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palindrome (n.)

"a word or line that reads the same backward and forward," 1620s, from Greek palindromos "a recurrence," literally "a running back." Second element is dromos "a running" (see dromedary); first is palin "again, back," from PIE *kwle-i-, suffixed form of root *kwel- (1) "revolve, move round." PIE *kw- becomes Greek p- before some vowels. Related: Palindromic; palindromist.

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palinal (adj.)

"directed or moved backward, characterized by or involving backward motion," 1888, from Greek palin "back, again" (see palindrome) + -al (1).

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palinode (n.)

"poetical recantation, poem in which the poet retracts invective contained in a former satire," 1590s, from French palinod (16c.) or directly from Late Latin palinodia, from Greek palinōidia "poetic retraction," from palin "again, back" (see palindrome) + ōidē "song" (see ode). Related: Palinodical; palinodial.

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*kwel- (1)
also *kwelə-, Proto-Indo-European root meaning "revolve, move round; sojourn, dwell."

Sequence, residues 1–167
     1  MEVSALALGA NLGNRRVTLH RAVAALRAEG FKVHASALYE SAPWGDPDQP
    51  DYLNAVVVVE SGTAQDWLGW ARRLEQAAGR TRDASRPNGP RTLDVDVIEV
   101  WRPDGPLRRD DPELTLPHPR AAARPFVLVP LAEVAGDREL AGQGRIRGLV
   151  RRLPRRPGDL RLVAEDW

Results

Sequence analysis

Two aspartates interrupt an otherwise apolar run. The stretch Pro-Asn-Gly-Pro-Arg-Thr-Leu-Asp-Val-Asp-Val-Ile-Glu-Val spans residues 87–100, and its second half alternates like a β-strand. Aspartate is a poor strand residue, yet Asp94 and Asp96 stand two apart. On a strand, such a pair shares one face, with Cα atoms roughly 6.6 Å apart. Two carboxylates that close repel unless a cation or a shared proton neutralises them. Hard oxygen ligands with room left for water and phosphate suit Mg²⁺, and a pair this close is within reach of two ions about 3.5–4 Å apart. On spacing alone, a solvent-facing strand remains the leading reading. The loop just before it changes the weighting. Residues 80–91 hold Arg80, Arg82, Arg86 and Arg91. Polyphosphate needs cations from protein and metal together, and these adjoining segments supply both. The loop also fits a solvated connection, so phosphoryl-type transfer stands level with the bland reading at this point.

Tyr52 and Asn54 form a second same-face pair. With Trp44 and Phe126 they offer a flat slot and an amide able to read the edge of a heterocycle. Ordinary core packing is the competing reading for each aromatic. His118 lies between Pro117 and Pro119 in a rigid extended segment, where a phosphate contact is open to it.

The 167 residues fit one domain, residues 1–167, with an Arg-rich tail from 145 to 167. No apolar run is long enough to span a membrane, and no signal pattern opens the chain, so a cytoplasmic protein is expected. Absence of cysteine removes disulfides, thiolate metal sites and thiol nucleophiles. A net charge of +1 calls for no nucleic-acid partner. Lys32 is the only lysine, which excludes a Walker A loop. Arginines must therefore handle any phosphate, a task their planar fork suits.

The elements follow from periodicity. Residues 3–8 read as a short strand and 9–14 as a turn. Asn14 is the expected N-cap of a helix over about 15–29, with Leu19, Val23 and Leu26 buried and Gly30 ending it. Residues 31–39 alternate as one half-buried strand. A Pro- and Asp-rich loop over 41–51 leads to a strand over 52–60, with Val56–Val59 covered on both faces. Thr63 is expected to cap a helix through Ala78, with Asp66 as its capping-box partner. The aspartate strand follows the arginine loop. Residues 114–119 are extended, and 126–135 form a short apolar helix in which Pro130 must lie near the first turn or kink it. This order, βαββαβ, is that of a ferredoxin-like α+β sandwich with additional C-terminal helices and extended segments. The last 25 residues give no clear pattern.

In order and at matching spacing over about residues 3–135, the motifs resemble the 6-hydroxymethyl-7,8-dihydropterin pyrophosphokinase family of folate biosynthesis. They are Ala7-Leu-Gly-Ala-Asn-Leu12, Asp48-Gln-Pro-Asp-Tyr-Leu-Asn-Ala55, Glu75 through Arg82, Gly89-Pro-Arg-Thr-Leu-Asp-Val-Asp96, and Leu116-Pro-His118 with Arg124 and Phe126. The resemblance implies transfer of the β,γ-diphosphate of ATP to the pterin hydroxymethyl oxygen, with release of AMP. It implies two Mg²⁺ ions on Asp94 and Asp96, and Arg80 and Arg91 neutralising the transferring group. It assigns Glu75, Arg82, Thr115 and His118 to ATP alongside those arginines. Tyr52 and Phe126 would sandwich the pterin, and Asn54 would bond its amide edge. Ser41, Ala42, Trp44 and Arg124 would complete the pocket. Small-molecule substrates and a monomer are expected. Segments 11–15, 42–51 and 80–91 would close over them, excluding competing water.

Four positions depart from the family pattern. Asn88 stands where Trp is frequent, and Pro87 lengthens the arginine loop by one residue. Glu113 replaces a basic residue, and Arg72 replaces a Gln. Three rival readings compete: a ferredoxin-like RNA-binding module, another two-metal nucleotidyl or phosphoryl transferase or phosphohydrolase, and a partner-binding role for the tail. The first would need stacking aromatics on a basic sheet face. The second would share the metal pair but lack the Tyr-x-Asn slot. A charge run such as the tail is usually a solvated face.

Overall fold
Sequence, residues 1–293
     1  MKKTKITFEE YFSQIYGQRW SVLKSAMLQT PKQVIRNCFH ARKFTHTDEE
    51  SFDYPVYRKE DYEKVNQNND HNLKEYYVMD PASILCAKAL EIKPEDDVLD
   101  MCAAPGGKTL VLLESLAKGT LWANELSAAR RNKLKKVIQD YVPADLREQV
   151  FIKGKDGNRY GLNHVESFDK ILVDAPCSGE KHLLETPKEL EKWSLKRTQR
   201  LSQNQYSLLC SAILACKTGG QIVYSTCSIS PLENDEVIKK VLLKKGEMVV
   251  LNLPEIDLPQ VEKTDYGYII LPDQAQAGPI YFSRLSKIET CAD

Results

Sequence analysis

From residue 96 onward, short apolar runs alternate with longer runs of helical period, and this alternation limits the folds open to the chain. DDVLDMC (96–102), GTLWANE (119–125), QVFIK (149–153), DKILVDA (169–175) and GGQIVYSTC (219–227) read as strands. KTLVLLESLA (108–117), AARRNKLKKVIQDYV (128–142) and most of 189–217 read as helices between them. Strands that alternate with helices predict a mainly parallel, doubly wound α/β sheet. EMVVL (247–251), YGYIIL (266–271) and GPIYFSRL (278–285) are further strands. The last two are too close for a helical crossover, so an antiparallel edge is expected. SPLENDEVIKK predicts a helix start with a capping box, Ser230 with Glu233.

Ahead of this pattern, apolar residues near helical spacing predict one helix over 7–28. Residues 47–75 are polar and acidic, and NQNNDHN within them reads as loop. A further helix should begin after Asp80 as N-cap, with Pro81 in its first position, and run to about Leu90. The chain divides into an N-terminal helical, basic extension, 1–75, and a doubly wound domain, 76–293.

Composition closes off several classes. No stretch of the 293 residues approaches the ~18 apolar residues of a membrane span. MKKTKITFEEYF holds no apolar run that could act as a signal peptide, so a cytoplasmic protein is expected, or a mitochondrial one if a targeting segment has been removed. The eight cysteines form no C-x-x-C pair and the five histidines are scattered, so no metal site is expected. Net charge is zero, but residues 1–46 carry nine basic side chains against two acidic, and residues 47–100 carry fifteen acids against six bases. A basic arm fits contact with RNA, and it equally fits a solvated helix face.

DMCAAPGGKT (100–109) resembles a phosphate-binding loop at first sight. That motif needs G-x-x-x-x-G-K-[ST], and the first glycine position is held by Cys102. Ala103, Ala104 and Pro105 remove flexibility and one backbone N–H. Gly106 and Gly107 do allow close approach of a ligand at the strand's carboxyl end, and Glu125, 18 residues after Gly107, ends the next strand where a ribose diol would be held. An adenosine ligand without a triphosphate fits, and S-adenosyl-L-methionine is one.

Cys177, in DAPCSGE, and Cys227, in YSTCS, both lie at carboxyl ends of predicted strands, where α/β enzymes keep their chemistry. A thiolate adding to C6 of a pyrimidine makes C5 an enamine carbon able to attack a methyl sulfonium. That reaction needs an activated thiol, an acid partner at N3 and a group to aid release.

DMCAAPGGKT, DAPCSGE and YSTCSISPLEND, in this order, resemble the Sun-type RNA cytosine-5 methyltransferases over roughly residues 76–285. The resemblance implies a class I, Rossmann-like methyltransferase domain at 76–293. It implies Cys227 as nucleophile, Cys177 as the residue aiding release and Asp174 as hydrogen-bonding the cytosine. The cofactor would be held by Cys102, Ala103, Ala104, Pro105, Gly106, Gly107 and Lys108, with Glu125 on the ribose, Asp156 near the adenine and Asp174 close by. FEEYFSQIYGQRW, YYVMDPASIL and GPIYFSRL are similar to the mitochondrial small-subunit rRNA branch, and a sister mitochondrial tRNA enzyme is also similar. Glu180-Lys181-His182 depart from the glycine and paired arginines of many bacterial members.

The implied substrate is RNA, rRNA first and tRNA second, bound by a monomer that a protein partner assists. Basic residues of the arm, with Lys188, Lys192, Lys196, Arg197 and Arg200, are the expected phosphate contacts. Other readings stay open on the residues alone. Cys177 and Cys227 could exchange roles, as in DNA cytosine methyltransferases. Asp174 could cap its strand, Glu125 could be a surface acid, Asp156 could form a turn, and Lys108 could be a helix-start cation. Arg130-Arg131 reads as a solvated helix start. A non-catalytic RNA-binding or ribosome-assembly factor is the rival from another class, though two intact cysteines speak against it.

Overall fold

It forms all or part of: accolade; ancillary; atelo-; bazaar; bicycle; bucolic; chakra; chukker; collar; collet; colonial; colony; cult; cultivate; culture; cyclamen; cycle; cyclo-; cyclone; cyclops; decollete; encyclical; encyclopedia; entelechy; epicycle; hauberk; hawse; inquiline; Kultur; lapidocolous; nidicolous; palimpsest; palindrome; palinode; pole (n.2) "ends of Earth's axis;" pulley; rickshaw; talisman; teleology; telic; telophase; telos; torticollis; wheel.

It is the hypothetical source of/evidence for its existence is provided by: Sanskrit cakram "circle, wheel," carati "he moves, wanders;" Avestan caraiti "applies himself," c'axra "chariot, wagon;" Greek kyklos "circle, wheel, any circular body, circular motion, cycle of events,"polos "a round axis" (PIE *kw- becomes Greek p- before some vowels), polein "move around;" Latin colere "to frequent, dwell in, to cultivate, move around," cultus "tended, cultivated," hence also "polished," colonus "husbandman, tenant farmer, settler, colonist;" Lithuanian kelias "a road, a way;" Old Norse hvel, Old English hweol "wheel;" Old Church Slavonic kolo, Old Russian kolo, Polish koło, Russian koleso "a wheel."
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